In twenty-second century London, Eric Rawlins has been genetically engineered as a hero, a man with strength and speed and healing powers well beyond those of typical humans. Working for the London Security Agency (the LSA), Eric’s work is to keep London, and England, safe, isolated as it now is from Europe and the rest of the world by the aftermath of the Great Tsunamis of the twenty-first century and the political collapse and reorganization of the world’s powers.
The arch-enemy of the LSA is Adam Larimore, terrorist supreme and gorgeous bad boy. As Eric and Adam face off, Eric is drawn into Adam’s world, only to learn that perhaps Adam – and the LSA – are not all they seem. Is Adam telling Eric the truth, or is Eric developing Stockholm Syndrome?
I can’t fault Perfect World for being fast-paced or action-packed: it’s both, although there are times the plot machinations seem a bit engineered. The writing is adequate: there are a few awkward sentences and some minor usage errors (e.g., lie vs. lay), and, especially in the early chapters, the voice is too frequently passive. The reader is told, more than shown, what is happening. But where Perfect World fell apart for me was in the world-building. In what is essentially Fortress London, in a world where almost all resources appear to be directed to defense, a world devastated by climate change, people happily sit down to breakfast with coffee and orange juice.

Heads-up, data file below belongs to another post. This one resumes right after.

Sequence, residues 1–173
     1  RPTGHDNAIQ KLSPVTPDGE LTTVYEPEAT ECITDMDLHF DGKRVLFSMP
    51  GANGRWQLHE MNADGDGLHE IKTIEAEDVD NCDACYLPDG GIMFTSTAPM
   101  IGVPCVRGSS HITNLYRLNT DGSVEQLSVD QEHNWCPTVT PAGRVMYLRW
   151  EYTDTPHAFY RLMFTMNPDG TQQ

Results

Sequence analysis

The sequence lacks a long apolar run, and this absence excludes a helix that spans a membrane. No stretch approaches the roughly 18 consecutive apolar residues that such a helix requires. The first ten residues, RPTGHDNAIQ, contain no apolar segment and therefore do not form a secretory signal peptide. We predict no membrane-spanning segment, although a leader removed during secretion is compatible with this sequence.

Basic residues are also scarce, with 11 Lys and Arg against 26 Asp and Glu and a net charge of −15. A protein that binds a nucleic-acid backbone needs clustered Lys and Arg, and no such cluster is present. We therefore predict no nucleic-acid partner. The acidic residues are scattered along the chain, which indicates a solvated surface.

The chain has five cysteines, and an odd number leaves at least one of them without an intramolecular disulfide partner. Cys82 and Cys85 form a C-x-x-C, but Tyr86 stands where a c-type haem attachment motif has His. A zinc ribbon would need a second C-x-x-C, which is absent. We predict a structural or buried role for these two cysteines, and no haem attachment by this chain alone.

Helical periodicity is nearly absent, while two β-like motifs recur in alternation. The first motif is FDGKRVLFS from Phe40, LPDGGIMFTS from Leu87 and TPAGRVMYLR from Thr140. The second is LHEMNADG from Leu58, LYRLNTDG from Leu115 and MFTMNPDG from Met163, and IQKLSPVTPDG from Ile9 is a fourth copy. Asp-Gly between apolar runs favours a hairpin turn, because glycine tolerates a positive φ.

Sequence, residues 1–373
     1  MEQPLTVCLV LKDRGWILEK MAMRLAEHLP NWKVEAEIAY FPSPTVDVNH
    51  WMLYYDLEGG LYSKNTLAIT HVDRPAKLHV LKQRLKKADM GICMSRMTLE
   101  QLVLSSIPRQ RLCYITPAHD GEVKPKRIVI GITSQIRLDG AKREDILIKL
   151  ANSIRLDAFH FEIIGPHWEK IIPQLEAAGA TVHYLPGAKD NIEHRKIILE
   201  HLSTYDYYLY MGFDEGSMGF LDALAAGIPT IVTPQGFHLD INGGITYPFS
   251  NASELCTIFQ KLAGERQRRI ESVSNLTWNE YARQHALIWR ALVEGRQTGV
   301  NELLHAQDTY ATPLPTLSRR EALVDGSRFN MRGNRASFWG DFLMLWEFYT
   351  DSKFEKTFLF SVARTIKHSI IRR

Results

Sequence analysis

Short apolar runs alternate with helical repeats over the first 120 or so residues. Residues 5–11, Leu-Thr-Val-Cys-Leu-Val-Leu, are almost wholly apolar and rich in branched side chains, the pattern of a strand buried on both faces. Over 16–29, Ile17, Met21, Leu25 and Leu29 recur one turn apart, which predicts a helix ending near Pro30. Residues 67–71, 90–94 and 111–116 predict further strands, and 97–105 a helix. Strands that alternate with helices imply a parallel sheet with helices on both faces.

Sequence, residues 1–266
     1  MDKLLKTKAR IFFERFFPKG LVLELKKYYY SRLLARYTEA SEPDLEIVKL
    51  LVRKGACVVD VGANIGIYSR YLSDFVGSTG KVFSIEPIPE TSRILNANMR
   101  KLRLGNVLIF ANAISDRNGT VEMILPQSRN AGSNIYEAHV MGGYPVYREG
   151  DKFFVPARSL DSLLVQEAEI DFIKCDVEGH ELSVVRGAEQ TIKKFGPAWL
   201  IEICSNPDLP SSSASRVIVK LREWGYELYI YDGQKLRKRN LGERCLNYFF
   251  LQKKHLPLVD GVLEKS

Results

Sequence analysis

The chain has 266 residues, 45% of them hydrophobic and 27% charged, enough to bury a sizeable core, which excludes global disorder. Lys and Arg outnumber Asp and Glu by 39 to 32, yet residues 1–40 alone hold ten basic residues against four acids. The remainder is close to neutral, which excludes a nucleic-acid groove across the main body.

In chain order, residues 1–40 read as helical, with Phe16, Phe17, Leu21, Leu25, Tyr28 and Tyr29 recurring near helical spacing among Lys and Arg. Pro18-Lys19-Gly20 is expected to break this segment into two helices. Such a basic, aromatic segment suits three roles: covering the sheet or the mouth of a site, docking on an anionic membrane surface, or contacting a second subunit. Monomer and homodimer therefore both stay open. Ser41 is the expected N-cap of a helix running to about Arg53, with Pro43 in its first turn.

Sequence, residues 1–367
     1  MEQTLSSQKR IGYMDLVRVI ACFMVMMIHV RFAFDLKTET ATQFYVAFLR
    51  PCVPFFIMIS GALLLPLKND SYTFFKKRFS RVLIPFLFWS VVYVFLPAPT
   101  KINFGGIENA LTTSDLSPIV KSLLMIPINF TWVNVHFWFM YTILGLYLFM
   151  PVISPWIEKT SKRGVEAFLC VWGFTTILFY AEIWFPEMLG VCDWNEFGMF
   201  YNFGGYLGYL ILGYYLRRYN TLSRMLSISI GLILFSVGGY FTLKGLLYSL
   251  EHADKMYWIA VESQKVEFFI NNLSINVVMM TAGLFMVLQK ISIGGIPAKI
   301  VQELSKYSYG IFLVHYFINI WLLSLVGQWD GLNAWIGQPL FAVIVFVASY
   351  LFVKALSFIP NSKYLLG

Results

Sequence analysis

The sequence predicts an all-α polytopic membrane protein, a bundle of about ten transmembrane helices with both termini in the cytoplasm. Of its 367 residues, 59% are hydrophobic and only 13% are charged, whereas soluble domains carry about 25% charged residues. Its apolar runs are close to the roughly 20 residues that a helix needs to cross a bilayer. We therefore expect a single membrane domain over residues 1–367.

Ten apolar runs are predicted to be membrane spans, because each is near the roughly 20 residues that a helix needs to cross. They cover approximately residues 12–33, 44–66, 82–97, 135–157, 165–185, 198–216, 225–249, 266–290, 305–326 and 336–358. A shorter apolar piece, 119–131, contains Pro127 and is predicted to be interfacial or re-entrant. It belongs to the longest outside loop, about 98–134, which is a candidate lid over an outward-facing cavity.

But that wasn’t the biggest problem I had with Perfect World’s 22nd century London. By about three chapter in, I had a question: why was everyone, apparently, white? Why were their last names Matheson, Drake, Beasley, Rawlins, Larimore? Where were the Mbutus and the Patels, the Wus and the Chavezes and the Hussains and the Parks and the Walenskis, all of whom live in the 21st century London I know and love? For a city as multicultural as London to suddenly become purely Anglo-Saxon with no explanation was asking too much of my ability to suspend disbelief, which in turn affected my ability to believe in some of the twists and turns of the plot.
I rate Perfect World as a bare 3/5, with low scores for world-building and plot contortions contributing to the overall score. As a young writer Shari Sakurai has promise, but needs to more fully realize and develop her world and its characters to reach her potential.
The author provided me with a copy of the book in exchange for an honest review.